Climate Action

Death Valley hits a blistering 130°F — the hottest anywhere on Earth since 1931

Temperatures in Death Valley, California reached a blistering 130°F on Sunday. If verified, Sunday’s temperatures will be the hottest recorded anywhere on Earth since 1931 in Tunisia.

Extreme heat is blanketing the state and in other parts of the Western U.S. The high temperatures are harming human health and forcing blackouts for the first time in nearly 20 years.

This is an example of the clear and present danger of the climate crisis. The high temperatures during the day — and even at night — are a nightmare scenario for humans and a grave reminder that we must do something now to mitigate a disaster.

What’s worse is that Latinos are disproportionately affected by extreme heat. A majority of Latinos in the U.S. live in California, Texas, Florida and New York — the states most impacted by extreme heat, air pollution and flooding. Dangers are significantly worse in historically redlined neighborhoods. While public cooling centers serve as a reprieve for vulnerable populations, the coronavirus pandemic has reduced their accessibility, thereby increasing risks for those who need them.

Each year, extreme heat kills more than 600 people on average, which exceeds that of any other natural disaster, according to the Centers for Disease Control and Prevention. New research, however, puts the number of heat-related deaths to as high as 5,608 deaths annually. California officials are warning that this heatwave could rival the 2006 heatwave, which killed between 350-450 people, according to state researchers.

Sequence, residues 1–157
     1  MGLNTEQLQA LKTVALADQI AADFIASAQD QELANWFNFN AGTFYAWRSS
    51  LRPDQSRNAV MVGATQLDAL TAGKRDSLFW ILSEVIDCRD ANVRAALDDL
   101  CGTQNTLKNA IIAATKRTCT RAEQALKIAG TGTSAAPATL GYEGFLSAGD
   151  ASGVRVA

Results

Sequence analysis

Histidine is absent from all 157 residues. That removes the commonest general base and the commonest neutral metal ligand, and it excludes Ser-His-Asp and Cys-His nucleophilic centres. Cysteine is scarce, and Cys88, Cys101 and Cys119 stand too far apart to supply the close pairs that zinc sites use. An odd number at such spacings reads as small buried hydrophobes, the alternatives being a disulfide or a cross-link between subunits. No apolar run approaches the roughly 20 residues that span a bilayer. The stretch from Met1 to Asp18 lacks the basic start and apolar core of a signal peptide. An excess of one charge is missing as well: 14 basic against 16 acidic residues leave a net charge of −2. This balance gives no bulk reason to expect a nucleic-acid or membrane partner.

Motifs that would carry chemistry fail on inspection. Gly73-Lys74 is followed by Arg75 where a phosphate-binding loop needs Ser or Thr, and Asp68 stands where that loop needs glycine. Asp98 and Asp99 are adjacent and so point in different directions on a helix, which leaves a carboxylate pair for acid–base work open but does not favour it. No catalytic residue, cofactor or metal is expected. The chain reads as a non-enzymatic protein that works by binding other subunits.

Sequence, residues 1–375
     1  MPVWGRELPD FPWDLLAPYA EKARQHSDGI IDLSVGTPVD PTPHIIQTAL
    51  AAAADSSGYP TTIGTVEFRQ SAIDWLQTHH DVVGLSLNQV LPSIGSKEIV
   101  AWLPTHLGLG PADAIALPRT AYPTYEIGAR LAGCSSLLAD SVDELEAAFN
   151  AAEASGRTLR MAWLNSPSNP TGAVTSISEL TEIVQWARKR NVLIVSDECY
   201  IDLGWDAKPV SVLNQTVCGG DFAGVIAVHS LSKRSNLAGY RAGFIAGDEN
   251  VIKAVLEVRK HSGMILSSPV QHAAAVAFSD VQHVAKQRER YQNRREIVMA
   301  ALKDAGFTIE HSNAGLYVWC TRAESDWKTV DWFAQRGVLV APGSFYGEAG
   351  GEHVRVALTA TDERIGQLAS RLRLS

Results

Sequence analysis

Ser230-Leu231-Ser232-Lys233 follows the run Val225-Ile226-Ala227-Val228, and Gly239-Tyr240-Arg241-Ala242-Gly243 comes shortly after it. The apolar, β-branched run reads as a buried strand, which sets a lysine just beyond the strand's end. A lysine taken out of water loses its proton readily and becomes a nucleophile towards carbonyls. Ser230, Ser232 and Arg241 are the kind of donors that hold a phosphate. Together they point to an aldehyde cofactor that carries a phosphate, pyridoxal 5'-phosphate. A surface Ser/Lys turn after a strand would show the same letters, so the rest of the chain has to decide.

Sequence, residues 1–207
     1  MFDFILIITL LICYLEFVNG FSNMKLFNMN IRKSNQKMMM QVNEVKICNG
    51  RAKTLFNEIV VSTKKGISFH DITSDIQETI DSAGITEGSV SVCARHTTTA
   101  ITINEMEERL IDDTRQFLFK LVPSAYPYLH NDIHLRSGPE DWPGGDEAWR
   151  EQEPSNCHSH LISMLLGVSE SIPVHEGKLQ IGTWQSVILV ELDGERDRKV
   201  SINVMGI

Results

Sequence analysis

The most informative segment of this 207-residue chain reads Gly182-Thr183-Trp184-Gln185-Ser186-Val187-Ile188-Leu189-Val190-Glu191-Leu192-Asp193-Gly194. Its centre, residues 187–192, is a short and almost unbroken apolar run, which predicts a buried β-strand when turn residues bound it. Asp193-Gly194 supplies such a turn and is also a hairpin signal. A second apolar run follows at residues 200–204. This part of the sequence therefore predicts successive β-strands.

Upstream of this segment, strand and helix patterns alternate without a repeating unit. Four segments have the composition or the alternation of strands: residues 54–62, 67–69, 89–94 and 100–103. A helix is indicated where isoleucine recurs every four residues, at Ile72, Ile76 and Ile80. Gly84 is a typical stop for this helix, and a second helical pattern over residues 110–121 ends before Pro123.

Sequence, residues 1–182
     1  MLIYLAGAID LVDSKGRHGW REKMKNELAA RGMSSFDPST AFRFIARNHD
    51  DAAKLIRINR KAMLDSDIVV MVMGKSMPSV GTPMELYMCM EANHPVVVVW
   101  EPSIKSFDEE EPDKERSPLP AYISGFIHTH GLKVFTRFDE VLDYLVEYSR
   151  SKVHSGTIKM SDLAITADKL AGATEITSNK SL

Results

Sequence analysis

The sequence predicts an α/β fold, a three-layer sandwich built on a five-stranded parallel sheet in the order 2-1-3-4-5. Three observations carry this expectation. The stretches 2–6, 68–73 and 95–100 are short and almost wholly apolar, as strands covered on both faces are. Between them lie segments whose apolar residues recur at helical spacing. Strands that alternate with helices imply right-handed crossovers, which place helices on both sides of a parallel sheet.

The peak of California’s wildfire season has just begun and will last until November. As the heatwave dries out vegetation throughout the West, firefighters’ efforts to control the fires are impacted. The climate crisis is making heatwaves and wildfires more frequent as well as more intense in the Western U.S., scientists say.

The extreme heat is not the only factor impacting temperatures in Death Valley and other parts of the Western U.S. On Saturday, a rare fire tornado broke out near the California-Nevada border. Experts blame excessive temperatures. Extreme heat in the West is expected to last until Thursday, according to NPR.

The Department of Homeland Security recommends that individuals vulnerable to extreme heat prepare now.

The City of Cambridge, in June, published a list of recommendations for those vulnerable to extreme heat during the coronavirus. Here is a summary of their advice for staying cool:

  • Know the signs of heat-induced illnesses.
  • Stay hydrated and drink water, even if you do not feel thirsty.
  • Avoid alcoholic beverages, as well as those with caffeine and sugar.
  • Bring water with you anytime you leave your home as public water fountains are turned off during the pandemic.
  • Stay out of the sun and use protection.
  • Wear loose-fitted, light-colored clothing, a hat and sunglasses if possible to keep cool.
  • Plan ahead and take shopping trips early in the day to avoid the afternoon heat.
  • Continue wearing your masks, however, when feeling overheated, remove it and breathe while six feet away from others.
  • Take cold showers, stay cool indoors and close blinds during the day.
  • Check on your neighbors, especially the elderly or those who live alone, as well as those with medical conditions.

In the year 2020, where climate crisis-induced extreme weather is on the rise and coronavirus makes staying safe more complicated, the need to help one another and to engage in climate action is more important than ever.

This article was reposted with permission from Front Page Live.

Photo credit for image at top: Graeme Maclean / Flickr / CC BY 2.0